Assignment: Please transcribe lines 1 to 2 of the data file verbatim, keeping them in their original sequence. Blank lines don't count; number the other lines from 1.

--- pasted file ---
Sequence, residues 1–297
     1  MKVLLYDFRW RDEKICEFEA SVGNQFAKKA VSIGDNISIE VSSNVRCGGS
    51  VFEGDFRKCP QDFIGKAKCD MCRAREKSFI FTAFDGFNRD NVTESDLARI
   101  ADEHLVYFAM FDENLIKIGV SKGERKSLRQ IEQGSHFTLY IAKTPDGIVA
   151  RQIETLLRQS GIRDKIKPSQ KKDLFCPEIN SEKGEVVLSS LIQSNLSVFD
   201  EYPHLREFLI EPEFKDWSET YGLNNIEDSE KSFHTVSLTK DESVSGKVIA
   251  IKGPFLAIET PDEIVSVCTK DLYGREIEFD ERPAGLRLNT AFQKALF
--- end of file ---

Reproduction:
Sequence, residues 1–297
     1  MKVLLYDFRW RDEKICEFEA SVGNQFAKKA VSIGDNISIE VSSNVRCGGS